Folding bikes in general have a reputation for being only good for short rides in the city, but Bromptons have been widely used for long-distance touring. In fact, there are a number of people who have taken transcontinental trips on Bromptons, and I know of at least one couple who made a ‘round-the-world trip combining boat and train travel with their Bromptons. Just recently, Todd Fahrner, owner of Clever Cycles in Portland, took an unsupported tour down the California coast (from Portland to San Francisco) on his Brompton.
Bromptons are built like tanks. That doesn’t mean they’re unusually heavy; they’re not. But where it matters — namely the frame and hinges — they’re clearly designed to withstand many years of hard use. The main frame is built from brazed (not welded), high tensile steel. The over-sized main tube is stiff, and there’s no sign of flex that comes from either the frame or the hinges. The handlebar stem/riser — a weak area among many folders — is surprisingly stiff. The frame is on the verge of being overbuilt, but folders other than Bromptons are notorious for coming apart after a few years, so I feel the robust design is a fair trade for a small amount of added weight.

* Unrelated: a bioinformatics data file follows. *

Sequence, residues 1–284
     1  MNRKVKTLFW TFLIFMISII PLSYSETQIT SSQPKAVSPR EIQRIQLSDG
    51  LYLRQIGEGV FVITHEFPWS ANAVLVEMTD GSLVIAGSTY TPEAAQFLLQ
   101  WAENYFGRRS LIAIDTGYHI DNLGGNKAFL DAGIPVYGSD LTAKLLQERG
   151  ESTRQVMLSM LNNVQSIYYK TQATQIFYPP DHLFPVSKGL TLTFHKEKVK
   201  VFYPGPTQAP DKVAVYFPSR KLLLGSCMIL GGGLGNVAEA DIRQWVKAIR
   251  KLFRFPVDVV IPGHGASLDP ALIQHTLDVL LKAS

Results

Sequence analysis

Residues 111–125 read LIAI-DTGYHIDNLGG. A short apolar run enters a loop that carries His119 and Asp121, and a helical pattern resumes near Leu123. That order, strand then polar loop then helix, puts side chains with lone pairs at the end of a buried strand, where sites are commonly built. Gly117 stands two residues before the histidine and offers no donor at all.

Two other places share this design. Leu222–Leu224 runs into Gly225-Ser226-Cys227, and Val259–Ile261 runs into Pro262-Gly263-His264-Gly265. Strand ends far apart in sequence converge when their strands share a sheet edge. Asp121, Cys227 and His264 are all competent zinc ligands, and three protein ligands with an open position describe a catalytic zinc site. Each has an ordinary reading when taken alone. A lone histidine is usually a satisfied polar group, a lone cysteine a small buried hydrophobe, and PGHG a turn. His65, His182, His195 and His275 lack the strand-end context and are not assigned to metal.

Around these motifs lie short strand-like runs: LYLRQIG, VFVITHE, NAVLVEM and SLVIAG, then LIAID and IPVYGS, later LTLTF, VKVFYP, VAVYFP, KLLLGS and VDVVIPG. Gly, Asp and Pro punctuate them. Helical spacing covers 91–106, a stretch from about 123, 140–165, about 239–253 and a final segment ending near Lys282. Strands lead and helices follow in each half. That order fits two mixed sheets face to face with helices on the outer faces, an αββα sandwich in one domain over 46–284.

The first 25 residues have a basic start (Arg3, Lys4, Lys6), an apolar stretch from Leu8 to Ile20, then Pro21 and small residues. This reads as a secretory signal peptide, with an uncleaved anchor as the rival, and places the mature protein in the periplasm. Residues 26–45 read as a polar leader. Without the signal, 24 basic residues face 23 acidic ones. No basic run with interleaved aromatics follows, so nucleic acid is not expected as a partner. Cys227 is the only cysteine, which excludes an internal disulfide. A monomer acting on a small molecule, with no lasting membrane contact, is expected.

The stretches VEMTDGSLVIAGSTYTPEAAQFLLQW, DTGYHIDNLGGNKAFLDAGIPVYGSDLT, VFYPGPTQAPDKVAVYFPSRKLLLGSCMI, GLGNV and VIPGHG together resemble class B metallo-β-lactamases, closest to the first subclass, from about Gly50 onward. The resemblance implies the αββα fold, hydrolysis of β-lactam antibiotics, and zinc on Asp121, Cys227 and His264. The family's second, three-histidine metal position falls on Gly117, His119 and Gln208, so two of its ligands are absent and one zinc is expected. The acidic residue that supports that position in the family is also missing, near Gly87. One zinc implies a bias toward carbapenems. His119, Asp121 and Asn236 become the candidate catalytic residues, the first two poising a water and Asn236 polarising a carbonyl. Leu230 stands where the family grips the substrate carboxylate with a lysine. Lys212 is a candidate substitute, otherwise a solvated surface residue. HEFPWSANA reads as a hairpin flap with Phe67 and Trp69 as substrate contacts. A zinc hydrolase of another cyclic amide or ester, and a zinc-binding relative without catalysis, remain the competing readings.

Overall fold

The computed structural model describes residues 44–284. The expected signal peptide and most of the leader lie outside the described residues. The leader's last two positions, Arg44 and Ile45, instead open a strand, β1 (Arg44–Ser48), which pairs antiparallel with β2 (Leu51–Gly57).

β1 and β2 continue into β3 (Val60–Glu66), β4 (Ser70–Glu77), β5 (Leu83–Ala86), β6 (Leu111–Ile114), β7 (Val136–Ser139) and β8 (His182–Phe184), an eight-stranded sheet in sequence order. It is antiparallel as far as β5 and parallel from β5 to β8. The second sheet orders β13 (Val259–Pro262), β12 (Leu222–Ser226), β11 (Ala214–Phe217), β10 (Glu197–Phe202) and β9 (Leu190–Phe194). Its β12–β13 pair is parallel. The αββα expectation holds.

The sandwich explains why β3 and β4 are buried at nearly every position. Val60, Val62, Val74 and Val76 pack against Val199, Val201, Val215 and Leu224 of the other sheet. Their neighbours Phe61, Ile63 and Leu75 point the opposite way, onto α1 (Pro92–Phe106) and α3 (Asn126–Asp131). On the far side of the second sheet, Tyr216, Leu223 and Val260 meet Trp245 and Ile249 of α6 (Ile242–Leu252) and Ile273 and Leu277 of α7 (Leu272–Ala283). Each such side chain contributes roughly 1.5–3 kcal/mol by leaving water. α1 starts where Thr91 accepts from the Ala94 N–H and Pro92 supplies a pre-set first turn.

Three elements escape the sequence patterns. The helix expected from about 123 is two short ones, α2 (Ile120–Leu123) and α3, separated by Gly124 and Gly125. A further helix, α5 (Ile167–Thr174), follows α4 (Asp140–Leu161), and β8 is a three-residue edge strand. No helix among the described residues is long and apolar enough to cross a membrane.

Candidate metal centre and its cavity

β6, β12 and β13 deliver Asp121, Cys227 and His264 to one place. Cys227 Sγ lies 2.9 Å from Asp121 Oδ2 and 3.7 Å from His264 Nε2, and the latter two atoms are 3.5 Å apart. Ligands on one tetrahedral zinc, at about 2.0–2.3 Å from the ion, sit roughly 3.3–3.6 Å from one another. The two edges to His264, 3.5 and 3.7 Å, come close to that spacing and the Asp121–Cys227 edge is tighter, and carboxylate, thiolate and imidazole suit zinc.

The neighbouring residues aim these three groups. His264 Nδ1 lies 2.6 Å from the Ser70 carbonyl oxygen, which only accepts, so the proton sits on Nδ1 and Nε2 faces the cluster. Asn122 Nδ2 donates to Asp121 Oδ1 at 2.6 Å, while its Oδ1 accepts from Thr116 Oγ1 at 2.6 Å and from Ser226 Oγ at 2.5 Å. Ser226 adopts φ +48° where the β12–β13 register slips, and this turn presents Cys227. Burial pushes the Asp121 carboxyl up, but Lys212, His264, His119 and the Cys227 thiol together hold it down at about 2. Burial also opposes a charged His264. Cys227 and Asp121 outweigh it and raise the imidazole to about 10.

My M3L’s Sturmey Archer 3-speed internal gear hub performs quite well and compares favorably to modern hubs from Shimano and SRAM. Shifts are crisp and can be initiated while pedaling, coasting, or standing still. I really like the Brompton proprietary thumb shifter too; it’s easy to use and it stays in adjustment. The 3-speed is arguably the best among S-A’s offerings. The 5-speed S-A on my Pashley was clunky in comparison; it needed frequent adjustment and missed shifts were not uncommon. I’ve had zero issues with the 3-speed.